Several high-profile groups and nonprofits bowed out of a legal challenge to keep Cape Coral’s Chiquita Boat Lock, a nearly 50-year-old manmade barrier, in operation, citing fears of massive attorney’s fees and alleged “intimidation” by the city.
In several press releases Thursday and Friday, the Matlacha Civic Association, Sanibel-Captiva Conservation Foundation, and Calusa Water Keepers announced that other petitioners will proceed with the case.
“Their strategies of ‘papering’ the case, running up fees (on the taxpayers’ dime), and intimidating the non-profit organizations and individual citizens have partially worked,” said the Calusa Waterkeeper’s press release.
Cape Coral Spokesperson Melissa Mickey gave a statement on the claims made by these nonprofits.
“Due to the fact that we do not comment on active legal matters we will not be responding at this time; however, we will address the statements made in the future,” wrote Mickey in an email statement.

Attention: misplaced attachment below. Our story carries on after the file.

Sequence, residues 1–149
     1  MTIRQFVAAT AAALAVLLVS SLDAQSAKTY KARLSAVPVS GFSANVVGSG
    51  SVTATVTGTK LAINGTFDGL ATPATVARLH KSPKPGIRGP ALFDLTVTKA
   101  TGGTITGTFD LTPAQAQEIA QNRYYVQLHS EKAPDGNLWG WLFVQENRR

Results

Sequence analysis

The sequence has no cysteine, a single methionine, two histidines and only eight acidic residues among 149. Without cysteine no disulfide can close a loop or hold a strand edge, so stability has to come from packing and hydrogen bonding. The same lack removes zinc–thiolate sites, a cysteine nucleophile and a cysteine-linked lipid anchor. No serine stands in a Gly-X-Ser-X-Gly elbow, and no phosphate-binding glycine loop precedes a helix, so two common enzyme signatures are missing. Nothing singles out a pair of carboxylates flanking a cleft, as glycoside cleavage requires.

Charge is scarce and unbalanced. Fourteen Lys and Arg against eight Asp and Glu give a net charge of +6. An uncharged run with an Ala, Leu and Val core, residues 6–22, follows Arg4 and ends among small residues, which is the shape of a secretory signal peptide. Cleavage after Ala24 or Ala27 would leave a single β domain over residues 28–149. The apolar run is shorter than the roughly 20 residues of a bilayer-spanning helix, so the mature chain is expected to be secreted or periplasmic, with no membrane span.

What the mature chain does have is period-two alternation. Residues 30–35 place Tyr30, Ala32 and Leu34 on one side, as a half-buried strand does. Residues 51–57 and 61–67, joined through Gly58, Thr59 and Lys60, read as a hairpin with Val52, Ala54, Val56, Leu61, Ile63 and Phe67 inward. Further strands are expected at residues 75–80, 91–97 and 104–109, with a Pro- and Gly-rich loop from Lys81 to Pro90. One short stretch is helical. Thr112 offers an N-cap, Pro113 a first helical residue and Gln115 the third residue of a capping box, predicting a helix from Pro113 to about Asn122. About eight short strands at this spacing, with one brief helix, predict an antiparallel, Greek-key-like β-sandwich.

The Calusa Waterkeeper said that Cape Coral is the petitioner with various motions and filings to run up the time and cost and describes it as another example of systematic efforts to “diminish and discourage citizen initiatives by those in power throughout the state of Florida.”
Capt. Codty Pierce, Calusa Waterkeeper, said he couldn’t risk the nonprofit’s future.
“Being a nonprofit, we do support the community and we are a grassroots organization, so having to withstand the potential financial implications, is not a risk that I can take at this time because I do need to survive to continue to provide for our community and safeguard for water quality,” he said.